I didn't read that old thread, but I have read before that Tom Sena bought up the licensing to all those old names, but the companies didn't actually sell out, they let their licensing expire. He just came in and basically took the names and licensed them out since they weren't licensed at that point. Not sure if that's true, but it seems plausible. I've even seen the canyons referred to as "Rockaway Canyon".
I have a twin fin Canyon retro fish. Bought it dirt cheap used off some kid (was his first board). I wanted to try a retro fish for small waves to see if I liked it, and didn't want to plunk down a huge wad of cash. I'll tell you what, the shape is not bad at all. I'm sure it's a clone of someone elses shape, hell could be a clone of an old real Canyon from the Rusty era. Whatever the case, it's a pretty decent shape/outline. I'd love to say it sucks, but I can't, cus the board went well. I rode it from knee high up to overhead. The board I had wasn't really chunky for a retro twin. It was 6'2" which is long for a retro fish (I'm 220 lbs) but only 2 5/8 thick, and relatively foiled in the tail and nose considering it's a retro. There were no obvious flaws to the shape either. Very symetrical, no oddities in the shape or outline like I see on a lot of popouts in the shops. Guessing it was machine cut to pirated dimensions, and then just had some minor hand sanding.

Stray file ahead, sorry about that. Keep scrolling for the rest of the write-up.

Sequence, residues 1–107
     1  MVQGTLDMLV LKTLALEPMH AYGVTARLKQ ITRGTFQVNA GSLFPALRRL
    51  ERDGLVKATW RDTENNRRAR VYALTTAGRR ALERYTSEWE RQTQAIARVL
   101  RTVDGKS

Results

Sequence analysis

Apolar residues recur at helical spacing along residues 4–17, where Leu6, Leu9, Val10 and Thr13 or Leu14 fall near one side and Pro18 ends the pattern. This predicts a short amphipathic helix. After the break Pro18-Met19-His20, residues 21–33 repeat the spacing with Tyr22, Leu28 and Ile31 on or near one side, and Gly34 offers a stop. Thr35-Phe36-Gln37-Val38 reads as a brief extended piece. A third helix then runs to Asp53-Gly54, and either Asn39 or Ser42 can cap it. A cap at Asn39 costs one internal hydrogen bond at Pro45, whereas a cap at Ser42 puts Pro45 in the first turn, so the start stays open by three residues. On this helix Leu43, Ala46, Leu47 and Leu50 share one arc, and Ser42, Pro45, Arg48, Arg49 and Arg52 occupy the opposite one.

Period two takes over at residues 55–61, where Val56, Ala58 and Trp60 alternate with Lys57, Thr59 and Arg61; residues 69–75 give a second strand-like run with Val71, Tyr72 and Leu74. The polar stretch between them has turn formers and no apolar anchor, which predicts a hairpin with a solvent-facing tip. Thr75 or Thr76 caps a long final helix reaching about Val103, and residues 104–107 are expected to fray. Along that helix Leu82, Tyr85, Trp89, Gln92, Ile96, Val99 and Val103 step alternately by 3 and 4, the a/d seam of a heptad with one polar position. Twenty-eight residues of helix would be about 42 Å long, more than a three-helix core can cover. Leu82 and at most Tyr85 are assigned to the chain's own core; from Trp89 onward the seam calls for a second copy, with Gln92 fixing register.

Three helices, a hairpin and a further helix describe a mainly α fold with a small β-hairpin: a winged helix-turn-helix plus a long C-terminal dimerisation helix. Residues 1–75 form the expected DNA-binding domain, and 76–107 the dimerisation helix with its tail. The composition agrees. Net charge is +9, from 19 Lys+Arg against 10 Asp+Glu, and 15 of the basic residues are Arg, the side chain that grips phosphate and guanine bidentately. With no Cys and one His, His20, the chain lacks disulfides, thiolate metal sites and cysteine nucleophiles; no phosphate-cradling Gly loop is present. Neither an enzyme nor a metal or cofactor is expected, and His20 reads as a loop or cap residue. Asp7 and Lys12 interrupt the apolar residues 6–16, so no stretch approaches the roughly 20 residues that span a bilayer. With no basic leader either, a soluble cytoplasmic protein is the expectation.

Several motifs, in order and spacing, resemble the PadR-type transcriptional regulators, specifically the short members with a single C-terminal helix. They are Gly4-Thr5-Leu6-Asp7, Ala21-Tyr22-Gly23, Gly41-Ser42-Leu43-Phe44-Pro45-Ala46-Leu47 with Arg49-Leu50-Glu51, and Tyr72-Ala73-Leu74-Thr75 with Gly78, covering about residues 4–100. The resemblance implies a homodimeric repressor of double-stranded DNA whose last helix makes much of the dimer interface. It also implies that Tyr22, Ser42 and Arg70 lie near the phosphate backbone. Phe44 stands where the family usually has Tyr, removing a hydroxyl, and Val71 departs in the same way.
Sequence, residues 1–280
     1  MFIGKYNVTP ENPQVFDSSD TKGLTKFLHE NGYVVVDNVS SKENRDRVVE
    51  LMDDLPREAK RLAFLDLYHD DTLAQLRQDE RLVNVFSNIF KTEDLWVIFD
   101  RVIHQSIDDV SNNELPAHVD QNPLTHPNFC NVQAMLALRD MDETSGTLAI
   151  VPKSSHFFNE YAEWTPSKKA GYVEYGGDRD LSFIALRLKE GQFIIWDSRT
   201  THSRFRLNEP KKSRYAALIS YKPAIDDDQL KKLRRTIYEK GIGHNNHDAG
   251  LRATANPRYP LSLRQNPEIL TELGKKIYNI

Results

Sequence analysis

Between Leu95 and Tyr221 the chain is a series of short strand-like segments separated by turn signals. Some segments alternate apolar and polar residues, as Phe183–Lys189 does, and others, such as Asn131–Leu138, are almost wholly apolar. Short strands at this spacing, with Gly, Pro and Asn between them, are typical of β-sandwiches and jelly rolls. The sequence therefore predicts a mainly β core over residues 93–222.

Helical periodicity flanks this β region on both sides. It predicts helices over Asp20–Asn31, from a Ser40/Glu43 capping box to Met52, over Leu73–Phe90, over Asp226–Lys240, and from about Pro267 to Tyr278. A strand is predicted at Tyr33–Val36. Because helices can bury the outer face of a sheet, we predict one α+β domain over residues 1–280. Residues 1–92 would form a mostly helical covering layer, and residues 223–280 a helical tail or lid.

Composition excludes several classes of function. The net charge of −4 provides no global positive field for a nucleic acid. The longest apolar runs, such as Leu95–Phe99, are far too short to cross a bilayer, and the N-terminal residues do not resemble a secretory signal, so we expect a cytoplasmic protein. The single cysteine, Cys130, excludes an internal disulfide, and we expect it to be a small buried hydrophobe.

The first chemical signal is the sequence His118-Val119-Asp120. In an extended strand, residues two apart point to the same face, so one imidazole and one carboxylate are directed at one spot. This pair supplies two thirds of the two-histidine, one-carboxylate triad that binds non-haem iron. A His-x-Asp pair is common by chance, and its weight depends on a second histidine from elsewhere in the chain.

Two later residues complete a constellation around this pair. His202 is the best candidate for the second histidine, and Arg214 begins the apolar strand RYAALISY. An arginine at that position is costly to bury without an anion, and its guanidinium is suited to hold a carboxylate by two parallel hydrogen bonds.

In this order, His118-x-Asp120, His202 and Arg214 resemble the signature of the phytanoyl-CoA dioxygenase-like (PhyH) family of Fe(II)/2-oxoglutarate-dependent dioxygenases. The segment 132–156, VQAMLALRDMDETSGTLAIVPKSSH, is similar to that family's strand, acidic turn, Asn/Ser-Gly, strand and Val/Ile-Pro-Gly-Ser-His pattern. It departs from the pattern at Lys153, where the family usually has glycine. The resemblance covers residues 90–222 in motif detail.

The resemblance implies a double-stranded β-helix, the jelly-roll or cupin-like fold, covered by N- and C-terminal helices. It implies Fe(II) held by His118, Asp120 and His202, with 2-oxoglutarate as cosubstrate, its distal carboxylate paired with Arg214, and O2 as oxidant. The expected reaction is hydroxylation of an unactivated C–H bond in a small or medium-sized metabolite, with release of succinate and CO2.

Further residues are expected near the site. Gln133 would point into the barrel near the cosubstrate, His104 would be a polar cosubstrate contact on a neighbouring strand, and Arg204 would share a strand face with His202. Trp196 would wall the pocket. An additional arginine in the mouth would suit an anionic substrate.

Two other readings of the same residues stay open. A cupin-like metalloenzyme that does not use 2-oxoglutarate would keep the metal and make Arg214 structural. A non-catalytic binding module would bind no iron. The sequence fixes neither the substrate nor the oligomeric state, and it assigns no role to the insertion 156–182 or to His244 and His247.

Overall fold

The quality of finish craftsmanship is pretty poor. The glass is heavy, probably 6 OZ, but it's just weird. It's hard and kind of brittle. Little chips/cracks all over, but hard to the point where it doesn't pressure ding. Someone said perhaps they actually spray the resin on...who knows. It just seems different than a "non-popout" glass job. Both swallow tail tips broke off and had to be repaired, the leash cup ripped out as it wasn't installed correctly, and eventually one of the generic fin boxes broke out. Their pretty junky boxes and it had some stiff fiberglass keel fins. I'm big and can put my weight into a turn so it was probably destined to happen. In the boards defense though, it saw it's share of head high waves, and I was hard on it; It was chest-head the day the box gave out.
For me it served it's purpose. I knew after only a few sessions I really like riding a fish. I was able to take from it what I liked and disliked, and I've since had a custom made with tweaks in the shape/outline that suit me better. Now the Canyon sit's in my surfboard junkyard in the corner of the garage.
As far as popouts go, you could do a lot worse, but it certainly had some shortcomings.
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Thread: canyon surfboards
Mar 5, 2011, 02:32 AM #17Senior Member
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